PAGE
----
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The Demolition Game

What is the role of architecture in the eyes of the patrons and trustees of our museums? How does patronage influence the curators and the interaction of the public with the art displayed?

Joanna Pousette-Dart & David Novros

All exterior designed by Frank Gehry. $25 Admission. Membership cards (annual).

Distant Musings on MoMA’s Folk Art Dilemma: What, Who & How It Represents

Thirteen years on, nearly all this building’s admirable virtues, those which made it so well suited for musing on craft, have now been declared irreconcilably problematic for the incremental prerogatives of New York City’s ever burgeoning Museum of Modern Art.


It is no small irony that MoMA’s argument for demolishing the American Folk Art Museum and its critics’ argument for preserving it both hinge on the notion that the abandoned building is “bespoke,” an object of exceptional quality, made from scratch to the demands of a specific client.

The Specific Museum

For the last eight years, I have been teaching a class on museum education at Columbia’s Teachers College, and maybe because of that I tend to regard museums essentially as educational institutions.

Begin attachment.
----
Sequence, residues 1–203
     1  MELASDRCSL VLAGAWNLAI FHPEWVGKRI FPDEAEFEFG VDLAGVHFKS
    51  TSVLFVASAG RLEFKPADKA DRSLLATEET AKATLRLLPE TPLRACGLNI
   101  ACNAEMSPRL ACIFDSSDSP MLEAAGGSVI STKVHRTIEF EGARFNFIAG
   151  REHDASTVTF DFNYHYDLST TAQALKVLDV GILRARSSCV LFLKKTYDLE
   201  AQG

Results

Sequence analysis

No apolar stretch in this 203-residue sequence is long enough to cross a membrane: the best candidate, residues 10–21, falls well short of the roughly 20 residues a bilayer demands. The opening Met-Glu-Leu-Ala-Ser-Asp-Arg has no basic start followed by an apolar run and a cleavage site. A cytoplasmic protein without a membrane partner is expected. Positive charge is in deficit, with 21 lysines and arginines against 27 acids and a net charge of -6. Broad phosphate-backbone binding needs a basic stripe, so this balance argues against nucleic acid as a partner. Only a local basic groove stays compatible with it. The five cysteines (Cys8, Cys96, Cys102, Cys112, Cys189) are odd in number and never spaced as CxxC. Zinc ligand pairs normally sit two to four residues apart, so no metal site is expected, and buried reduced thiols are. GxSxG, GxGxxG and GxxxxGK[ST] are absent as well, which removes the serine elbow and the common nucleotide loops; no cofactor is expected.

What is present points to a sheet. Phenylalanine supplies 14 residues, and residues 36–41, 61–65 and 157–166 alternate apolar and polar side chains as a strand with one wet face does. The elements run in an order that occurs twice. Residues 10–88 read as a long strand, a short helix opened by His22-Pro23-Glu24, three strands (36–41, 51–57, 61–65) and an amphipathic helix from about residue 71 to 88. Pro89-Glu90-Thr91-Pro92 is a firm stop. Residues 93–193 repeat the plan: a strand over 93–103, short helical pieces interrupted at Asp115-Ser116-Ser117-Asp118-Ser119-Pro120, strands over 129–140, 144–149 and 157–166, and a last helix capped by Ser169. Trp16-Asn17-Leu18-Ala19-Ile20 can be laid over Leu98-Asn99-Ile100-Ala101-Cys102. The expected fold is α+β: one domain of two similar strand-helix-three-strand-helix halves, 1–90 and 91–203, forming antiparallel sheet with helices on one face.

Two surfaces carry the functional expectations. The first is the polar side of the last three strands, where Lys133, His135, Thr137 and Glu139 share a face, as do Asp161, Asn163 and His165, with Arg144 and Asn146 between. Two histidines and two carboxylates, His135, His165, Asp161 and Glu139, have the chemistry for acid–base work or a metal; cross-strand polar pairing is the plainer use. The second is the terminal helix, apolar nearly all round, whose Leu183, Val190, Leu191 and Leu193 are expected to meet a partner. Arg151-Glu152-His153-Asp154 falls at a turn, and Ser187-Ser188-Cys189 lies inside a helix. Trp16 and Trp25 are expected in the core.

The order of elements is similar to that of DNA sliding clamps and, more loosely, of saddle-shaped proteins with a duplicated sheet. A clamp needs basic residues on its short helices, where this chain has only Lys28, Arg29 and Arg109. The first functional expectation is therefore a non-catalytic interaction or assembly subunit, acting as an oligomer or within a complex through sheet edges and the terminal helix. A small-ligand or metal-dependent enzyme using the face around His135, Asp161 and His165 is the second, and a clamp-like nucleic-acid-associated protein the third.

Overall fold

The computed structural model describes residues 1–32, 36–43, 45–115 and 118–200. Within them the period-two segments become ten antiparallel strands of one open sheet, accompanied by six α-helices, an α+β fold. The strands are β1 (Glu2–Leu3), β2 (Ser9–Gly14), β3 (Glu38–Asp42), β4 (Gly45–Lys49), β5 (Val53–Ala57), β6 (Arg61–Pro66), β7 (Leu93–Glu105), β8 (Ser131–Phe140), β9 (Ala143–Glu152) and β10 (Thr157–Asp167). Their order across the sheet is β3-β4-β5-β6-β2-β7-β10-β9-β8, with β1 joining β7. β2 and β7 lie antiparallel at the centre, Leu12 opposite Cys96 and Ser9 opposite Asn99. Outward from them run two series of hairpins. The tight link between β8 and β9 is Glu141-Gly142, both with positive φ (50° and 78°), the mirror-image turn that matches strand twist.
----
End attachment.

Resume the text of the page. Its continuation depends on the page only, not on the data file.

Above the Crowds

Did Liz Diller really say that? I am not sure if anyone starts out with the idea that they are going to make something that is idiosyncratic. The character of the intellect is the determining factor.

Modern Versus Modern

The decision of MoMA to tear down the American Folk Art Museum and the inability of Diller Scofidio + Renfro (DS+R) to deter them through architecture have given rise to a robust and impassioned journalism that architecture has not seen for a long time.

Demolition Style: Big Art, Small Architecture, and the Dust of Daily Life

Only those present in MoMA’s inner chamber know precisely what happened, but, if DS+R indeed proposed alternatives to demolition, the options fell on deaf ears.

Let Us Start by Identifying Differing Ends

I have been asked to consider this moment as an opportunity to elucidate what we can learn from what happens when a major museum decides to expand and the contingent consequences of that decision as it affects the future of art within the city.

Tear Down on 53rd Street

In the midst of the controversy over MoMA’s decision to destroy the former home of the American Folk Art Museum, a record of sorts was set: the largest auction of a collection of American folk art in history (yielding close to $13 million) took place at Sotheby’s on January 25, 2014.


The Brooklyn Rail

MAR 2014

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